How “Hacker Search Engine” Shodan Caught Leakage of 750MB Price Of Server Passwords

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Keep in mind Memcached servers? Now, we’ve got one other case of servers uncovered on-line and fulfilling evil intentions of the hackers. This time, hundreds of etcd servers maintained by corporates and organizations are spitting delicate passwords and encrypted keys, permitting anybody to get entry to vital knowledge.

Safety researcher Giovanni Collazo was in a position to harvest 8781 passwords, 650 AWS entry keys, 23 secret keys, and eight personal keys.

First, he ran a question on the hacker search engine Shodan that returned round 2300 servers operating etcd database. Then, he ran a easy script that gave him the login credentials saved on these servers which can be utilized to realize entry to CMSs, MySQL, and PostgreSQL databases, and so forth.

etcd is a database utilized by computing clusters to retailer and change passwords and configuration settings between servers and purposes over the community. With the default settings, its programming interface can return administrative login credentials with none authentication upfront.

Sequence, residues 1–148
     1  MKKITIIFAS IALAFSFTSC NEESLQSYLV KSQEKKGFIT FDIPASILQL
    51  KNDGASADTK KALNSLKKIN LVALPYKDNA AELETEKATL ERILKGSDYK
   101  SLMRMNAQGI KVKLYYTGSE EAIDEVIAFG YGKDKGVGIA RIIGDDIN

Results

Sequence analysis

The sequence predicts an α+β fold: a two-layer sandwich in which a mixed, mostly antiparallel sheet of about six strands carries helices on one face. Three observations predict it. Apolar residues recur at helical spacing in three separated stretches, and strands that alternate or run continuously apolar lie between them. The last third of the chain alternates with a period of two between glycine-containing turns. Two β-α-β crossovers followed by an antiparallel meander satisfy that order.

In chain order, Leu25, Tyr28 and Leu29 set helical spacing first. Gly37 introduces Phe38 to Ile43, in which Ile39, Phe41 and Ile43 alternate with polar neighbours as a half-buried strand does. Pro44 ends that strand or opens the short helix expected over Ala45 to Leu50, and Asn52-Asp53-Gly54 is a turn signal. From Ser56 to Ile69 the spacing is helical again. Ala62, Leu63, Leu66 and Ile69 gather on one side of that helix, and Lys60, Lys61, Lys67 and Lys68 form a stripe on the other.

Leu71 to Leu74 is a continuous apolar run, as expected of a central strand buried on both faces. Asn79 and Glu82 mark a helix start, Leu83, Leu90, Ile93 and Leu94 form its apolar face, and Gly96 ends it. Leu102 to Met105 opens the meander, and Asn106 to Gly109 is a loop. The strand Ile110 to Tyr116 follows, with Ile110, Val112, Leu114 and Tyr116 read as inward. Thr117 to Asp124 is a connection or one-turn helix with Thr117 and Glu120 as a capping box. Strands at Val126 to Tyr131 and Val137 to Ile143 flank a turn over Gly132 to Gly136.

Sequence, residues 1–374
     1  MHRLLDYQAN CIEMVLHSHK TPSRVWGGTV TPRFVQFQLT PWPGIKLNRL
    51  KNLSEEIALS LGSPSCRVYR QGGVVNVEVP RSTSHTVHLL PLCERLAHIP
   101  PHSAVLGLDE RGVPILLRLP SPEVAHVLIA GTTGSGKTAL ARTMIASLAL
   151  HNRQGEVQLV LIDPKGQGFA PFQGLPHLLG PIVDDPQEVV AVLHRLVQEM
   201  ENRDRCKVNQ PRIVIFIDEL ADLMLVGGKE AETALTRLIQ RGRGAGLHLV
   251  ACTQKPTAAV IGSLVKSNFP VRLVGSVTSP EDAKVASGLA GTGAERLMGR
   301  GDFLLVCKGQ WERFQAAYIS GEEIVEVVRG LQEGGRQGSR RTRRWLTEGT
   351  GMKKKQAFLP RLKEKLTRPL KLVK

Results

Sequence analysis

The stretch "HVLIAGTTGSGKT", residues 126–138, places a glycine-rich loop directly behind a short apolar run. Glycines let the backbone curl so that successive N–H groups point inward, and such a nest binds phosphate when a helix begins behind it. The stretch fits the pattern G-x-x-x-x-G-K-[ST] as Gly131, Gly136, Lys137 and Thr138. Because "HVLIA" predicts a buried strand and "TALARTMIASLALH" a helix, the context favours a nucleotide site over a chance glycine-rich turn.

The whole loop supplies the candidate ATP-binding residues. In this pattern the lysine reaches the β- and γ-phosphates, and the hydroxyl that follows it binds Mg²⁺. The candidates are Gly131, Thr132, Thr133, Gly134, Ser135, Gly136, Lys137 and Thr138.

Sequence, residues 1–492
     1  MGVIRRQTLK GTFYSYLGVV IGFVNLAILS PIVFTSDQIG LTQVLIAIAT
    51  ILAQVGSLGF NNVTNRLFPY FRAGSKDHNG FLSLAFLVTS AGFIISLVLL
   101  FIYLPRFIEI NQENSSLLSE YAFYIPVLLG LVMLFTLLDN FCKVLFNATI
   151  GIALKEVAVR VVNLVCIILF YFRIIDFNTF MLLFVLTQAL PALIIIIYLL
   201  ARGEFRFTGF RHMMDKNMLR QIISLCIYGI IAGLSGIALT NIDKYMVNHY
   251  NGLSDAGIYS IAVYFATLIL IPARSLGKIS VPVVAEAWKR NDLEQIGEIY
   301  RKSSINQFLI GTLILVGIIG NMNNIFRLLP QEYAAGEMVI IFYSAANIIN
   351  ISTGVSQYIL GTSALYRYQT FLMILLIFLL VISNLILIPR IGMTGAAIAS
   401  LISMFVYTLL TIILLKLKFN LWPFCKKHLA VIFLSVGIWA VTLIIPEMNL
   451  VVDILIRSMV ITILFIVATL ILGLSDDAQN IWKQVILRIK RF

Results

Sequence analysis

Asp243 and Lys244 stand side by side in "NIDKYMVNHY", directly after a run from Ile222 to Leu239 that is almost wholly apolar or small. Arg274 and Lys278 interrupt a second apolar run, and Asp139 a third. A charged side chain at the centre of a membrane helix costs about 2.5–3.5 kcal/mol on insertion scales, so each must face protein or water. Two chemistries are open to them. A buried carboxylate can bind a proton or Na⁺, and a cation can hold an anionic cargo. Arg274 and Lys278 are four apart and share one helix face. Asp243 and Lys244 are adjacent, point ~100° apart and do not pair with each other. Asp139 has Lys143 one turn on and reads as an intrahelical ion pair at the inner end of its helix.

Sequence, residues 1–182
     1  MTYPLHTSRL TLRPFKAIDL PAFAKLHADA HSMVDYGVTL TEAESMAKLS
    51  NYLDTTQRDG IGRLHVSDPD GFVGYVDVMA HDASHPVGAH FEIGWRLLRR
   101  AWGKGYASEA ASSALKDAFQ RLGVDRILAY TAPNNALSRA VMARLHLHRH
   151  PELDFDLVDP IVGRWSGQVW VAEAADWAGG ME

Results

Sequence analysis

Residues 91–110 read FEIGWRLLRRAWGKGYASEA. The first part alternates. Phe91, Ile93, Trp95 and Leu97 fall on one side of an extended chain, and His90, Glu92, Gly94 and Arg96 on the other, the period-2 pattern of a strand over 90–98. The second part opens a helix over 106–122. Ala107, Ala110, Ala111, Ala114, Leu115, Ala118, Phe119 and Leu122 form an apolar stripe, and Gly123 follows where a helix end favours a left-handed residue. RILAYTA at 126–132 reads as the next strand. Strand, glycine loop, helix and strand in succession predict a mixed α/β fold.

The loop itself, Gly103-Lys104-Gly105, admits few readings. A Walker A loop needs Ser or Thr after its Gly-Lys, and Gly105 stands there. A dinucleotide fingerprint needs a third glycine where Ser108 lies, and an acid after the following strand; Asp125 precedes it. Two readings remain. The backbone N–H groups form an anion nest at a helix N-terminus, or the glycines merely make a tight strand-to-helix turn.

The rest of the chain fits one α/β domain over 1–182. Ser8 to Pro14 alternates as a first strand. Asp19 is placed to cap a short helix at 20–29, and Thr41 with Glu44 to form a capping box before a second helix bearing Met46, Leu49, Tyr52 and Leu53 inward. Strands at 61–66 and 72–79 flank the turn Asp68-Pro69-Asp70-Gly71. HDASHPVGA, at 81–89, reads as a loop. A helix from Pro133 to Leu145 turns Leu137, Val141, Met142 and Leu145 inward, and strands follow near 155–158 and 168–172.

Collazo stated that he didn’t check the credentials, however the scary half is that a couple of of them ought to work. A decided particular person with a couple of spare minutes can receive a listing of tons of of database credentials and do no matter he needs, like, stealing knowledge or performing ransomware assaults.

All the knowledge he harvested from round 1500 servers is round 750MB in measurement. One other researcher named Troy Mursch independently verified Collazo’s findings. He posted a picture which confirmed how the careless implementation of safety was taken to a different degree. A MySQL database merely required “1234” because the password to realize root entry.

Collazo advises that anybody sustaining etcd servers ought to allow authentication, arrange a firewall, and take different safety measures. This might forestall random folks from studying and writing on the server.

Giovanni Collazo through Ars Technica



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